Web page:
Jonathan Fryer

Writer, Lecturer, Broadcaster and Liberal Democrat Politician

Posts Tagged ‘Gertrude Bell’

Letters from Baghdad

Posted by jonathanfryer on Sunday, 16th April, 2017

Gertrude Bell 1A century ago, the shape of the modern Middle East was formed out of the ruins of the Ottoman Empire. The behind-the-scenes power play by Britain and France that resulted in the secret Sykes-Picot Agreement led to the boundaries of their respective zones of influence. But also significant was the work done by the British explorer, archaeologist and spy, Gertrude Bell, who drew the borders of the modern state of Iraq. A contemporary of T. E. Lawrence, with whom she had a friendship spiced by intense personal rivalry, Bell left her mark in more ways than one, including founding the Museum of Antiquities in Baghdad and chivying, not always successfully, the British government to, run its Middle Eastern League of Nations mandates according to her priorities. There have been several books about Gertrude Bell, but none gives such a vivid picture of her as the new documentary film by Sabine Krayenbuhl and Zeva Oelbaum, Letters from Baghdad. Their approach is quite daring, reflecting its subject’s forthright personality, as it largely comprises archive footage that the film-makers found in 25 separate locations, as well as black-and-white photos taken by Bell herself. The streets of Baghdad, Aleppo, Cairo and other places 100 years ago are so successfully brought alive that one is transported back in time, as well as place.

Letters from Baghdad still

The commentary is drawn from the subject’s letters and diaries, supplemented by those of some of the people who encountered her. The actor Tilda Swinton provides Bell’s voice, while other actors impersonate key characters, filmed as if giving live interviews. This is truly history reincarnated before our eyes. The film does not hide the complexities, even difficulties, in Gertrude Bell’s character. She was driven by what she believed to be right, and she could be both churlish and offensive towards those who disagreed with her, or struck her as superficial. She was as brave as any man, and the Arabs treated her respectfully as if she were one, yet she also had a colossal wardrobe of clothes, one reason for T. E. Lawrence’s sneering disapproval. She would not have been an easy woman to have as a friend, but one would have had to admire her energy, even if she herself became increasingly disillusioned with life by the end, dying from an overdose (accidental or otherwise) of sleeping pills. This film does her an immense service, as well as underlining Britain’s role in shaping, for better or for worse, the modern, conflict-riven Middle East. It’s a “must see” for anyone with even the slightest interest in the region, but it should appeal also to anyone who relishes accounts of extraordinary individuals.

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My House in Damascus

Posted by jonathanfryer on Wednesday, 30th April, 2014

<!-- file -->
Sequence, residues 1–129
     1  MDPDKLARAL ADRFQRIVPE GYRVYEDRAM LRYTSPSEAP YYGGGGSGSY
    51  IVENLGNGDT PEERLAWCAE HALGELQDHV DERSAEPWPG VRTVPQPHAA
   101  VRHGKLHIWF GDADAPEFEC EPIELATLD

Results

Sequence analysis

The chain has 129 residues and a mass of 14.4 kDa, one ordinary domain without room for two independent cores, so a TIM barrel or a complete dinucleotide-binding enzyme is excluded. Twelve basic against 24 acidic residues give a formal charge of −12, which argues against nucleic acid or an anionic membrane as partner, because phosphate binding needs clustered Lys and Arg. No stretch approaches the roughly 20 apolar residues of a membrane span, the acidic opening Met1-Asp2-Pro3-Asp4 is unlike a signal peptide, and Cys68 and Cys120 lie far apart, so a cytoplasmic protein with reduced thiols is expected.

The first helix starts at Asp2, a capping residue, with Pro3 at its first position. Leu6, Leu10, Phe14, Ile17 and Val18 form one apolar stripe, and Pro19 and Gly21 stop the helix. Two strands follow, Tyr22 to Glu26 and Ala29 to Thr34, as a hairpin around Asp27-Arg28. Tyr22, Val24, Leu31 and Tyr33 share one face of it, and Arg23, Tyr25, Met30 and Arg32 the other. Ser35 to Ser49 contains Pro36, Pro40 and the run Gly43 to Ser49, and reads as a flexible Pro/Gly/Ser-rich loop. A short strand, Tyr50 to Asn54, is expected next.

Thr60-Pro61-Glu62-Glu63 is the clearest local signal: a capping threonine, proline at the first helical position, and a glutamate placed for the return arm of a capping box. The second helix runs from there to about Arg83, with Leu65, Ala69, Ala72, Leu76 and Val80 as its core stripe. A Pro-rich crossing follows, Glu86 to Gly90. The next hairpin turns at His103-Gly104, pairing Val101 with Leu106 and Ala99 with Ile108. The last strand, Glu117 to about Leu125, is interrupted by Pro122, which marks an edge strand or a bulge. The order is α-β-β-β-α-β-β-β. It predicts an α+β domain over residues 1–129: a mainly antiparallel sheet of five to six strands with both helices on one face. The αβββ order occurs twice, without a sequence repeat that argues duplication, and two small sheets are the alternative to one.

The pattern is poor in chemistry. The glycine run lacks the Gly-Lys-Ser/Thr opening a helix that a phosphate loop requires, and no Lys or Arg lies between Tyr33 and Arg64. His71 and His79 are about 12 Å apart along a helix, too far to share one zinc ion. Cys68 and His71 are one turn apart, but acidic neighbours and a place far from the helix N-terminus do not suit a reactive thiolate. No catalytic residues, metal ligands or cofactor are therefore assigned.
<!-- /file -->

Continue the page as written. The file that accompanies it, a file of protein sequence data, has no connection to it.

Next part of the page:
My House in DamascusBait BaroudiDiana Darke is one of those splendid British Arabists, in the tradition of Gertrude Bell, who combines a passion for Syria and the rest of the Middle East with an admirably Anglo-Saxon cool head, which has enabled her to work for many years as a translator, consultant and writer of Bradt travel guides on the region. Unlike Ms Bell, however, she is not al-Khatun, a Lady of the Court, with one dog-like ear and eye open to pick up on anything that could be of use to the powers that be — despite at one stage in her life being a diplomatic wife. Indeed, it is hard to imagine her hand-in-hand with either William Hague or the family and entourage of President Bashar al-Assad, who is hanging on in there in Damascus while his country proceeds fast down the road to perdition. Such was Diana Darke’s enchantment with the old walled city of Damascus that she day-dreamed of owning one of the Ottoman courtyard houses in its heart, and once that idea had been seeded, it germinated and led to her acquiring Bait Baroudi, and then embarking on a painstaking process of restoration, not to make something pristine and thus suitable for a high-end boutique hotel, but rather as a place of beauty that would wear its heritage with subtle pride, with the aid of some fine pieces of antique stone and artefacts picked up on expeditions round the sellers of the banished contents of disintegrating ancestral homes. Having created this oasis of tranquility — sometimes generously lent out to travelling friends — she then thought of writing a book about the house and its project, but events overtook her. From the moment some teenage idealists in the town of Dera’a wrote anti-government slogans on walls in March 2011, unleashing a crackdown, Syria entered the vortex of the most vicious and unpredictable of all the so-called Arab spring revolutions. 140,000+ dead later, not to mention the millions of refugees and internally displaced, the situation seems as intractable as ever. Diana Darke can no longer visit Syria to spend time in her Arab home, but it now houses its own band of around 30 refugees, including some of those people who had worked with her on the house. So the book she originally envisaged became unviable, unpublishable even, in the current gloomy political climate. And so it transmuted into a really very special volume, My House in Damascus (Haus Publishing, £14.99), which weaves an enchanting tapestry not just of Bait Baroudi, but of Damascus and Greater Syria, drawing on the author’s own youthful studies of Arabic at the old MECAS institute at Shemlan in Lebanon, cleverly threading the weft of her personal story through the warp of Arab culture, past and present, skilfully moving back and forth between the years without losing the reader on the way. The result is a gem that will delight those already familiar with Damascus and be a revelation to those who aren’t. But I suspect all will finish reading it with a sense of deep sadness for the way Syria is being torn apart. Diana Darke determinedly hopes that one day, somehow, it will all turn out all right, and that it will be possible to walk across the hills of the Levant, carefree, before returning home to the gentle charm of Bait Baroudi. I wish I could sincerely believe that she is right.